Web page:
Student or Learner
Mark wants to change the world, a vision that is grand.
In the above sentence, what is:
a vision that is grand
Is this entire thing a phrase or a clause? I do understand that "a vision" is a phrase and "that is grand" is a dependent clause, but what would the entire thing be called as.
***** NOT A TEACHER *****
(1) Another great question!
(2) I think that your sentence might (repeat: "might") be a shorter way of saying something like:
Mark wants to change the world, [which is] a vision that is grand.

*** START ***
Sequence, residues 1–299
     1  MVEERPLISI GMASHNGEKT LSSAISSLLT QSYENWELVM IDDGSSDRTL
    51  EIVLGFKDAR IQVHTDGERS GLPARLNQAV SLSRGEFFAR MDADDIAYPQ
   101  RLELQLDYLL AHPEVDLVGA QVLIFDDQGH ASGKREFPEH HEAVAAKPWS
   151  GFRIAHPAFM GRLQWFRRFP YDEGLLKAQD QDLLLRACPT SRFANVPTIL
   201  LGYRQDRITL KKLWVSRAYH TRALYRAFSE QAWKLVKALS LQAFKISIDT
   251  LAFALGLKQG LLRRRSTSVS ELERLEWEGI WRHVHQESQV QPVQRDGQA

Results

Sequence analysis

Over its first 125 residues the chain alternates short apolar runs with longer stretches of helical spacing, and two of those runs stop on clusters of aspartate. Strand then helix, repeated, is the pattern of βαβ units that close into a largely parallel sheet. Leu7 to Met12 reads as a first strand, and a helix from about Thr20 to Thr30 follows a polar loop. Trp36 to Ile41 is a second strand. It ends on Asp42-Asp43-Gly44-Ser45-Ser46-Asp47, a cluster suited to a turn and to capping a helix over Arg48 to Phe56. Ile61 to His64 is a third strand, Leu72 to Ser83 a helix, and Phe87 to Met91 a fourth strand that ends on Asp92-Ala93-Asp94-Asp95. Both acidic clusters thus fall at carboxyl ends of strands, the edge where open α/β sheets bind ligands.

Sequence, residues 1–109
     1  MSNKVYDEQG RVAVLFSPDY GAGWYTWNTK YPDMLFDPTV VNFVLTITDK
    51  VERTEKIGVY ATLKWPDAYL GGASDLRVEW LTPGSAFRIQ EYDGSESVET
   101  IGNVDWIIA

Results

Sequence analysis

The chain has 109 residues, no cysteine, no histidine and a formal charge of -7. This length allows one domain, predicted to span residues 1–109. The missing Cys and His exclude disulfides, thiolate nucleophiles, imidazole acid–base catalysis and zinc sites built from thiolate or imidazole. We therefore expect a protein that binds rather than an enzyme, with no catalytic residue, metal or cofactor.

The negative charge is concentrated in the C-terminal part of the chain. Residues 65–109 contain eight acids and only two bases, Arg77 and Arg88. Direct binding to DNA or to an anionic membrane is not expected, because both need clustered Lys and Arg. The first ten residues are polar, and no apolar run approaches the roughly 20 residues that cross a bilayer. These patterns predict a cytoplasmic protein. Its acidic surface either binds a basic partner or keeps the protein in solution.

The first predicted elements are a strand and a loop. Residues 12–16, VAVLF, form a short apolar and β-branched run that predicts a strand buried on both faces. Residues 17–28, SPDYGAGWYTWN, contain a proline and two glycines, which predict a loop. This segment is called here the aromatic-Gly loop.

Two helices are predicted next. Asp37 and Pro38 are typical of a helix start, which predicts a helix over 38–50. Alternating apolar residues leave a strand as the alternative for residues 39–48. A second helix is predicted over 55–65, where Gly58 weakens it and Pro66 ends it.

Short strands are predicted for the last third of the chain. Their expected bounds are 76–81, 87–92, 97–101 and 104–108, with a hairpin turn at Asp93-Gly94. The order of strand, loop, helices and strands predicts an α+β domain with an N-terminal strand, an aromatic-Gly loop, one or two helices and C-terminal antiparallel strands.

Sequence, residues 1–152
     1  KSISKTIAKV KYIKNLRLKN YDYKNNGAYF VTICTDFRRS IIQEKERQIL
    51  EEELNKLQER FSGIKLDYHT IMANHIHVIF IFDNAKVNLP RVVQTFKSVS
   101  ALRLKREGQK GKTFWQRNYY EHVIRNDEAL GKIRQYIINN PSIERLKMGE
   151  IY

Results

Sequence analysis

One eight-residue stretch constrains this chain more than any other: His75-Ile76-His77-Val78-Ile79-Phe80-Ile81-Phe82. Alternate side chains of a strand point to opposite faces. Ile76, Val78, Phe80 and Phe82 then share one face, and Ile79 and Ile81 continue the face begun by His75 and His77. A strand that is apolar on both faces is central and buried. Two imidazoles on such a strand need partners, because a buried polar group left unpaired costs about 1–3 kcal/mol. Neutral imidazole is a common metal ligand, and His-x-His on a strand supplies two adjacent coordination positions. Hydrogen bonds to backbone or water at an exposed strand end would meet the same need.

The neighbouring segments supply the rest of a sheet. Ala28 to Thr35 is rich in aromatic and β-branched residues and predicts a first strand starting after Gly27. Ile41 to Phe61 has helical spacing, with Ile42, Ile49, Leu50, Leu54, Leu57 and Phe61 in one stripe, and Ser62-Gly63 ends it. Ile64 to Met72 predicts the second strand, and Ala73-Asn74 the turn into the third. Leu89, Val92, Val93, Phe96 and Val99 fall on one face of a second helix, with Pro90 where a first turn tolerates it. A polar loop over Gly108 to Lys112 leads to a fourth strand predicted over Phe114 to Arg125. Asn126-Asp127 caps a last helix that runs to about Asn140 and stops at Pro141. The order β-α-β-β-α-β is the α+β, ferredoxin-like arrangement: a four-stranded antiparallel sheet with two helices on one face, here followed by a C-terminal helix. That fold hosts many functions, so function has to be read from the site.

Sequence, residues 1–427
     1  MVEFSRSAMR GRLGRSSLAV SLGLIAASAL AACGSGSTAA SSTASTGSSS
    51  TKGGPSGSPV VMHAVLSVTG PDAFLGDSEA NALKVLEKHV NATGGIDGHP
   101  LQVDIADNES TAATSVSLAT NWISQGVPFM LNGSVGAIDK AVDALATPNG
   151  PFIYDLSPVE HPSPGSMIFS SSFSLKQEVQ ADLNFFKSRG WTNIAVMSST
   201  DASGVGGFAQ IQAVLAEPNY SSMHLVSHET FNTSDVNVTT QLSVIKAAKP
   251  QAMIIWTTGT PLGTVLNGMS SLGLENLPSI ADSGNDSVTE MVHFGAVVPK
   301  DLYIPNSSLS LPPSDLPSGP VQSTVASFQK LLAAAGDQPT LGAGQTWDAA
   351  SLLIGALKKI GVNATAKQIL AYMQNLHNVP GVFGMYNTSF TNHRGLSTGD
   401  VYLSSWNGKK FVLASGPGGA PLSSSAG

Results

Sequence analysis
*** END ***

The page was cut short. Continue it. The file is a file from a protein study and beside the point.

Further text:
"which is a vision that is grand" would probably be analyzed as an adjective clause that modifies the whole sentence.
(a) That is, "which" is a relative pronoun that refers to the idea of Mark's wanting to change the world (something that all of us
want to do when we are young! When we get old -- like me -- we realize that it's hopeless).
I am eager to see what the teachers tell us.
HAVE A NICE DAY!
P.S. I feel that "a vision that is grand" is a bit awkward. I should prefer something like:
a truly inspirational vision.
a vision that merits our deepest respect.
a very touching vision.
a vision that is shared by many idealistic young people throughout the world.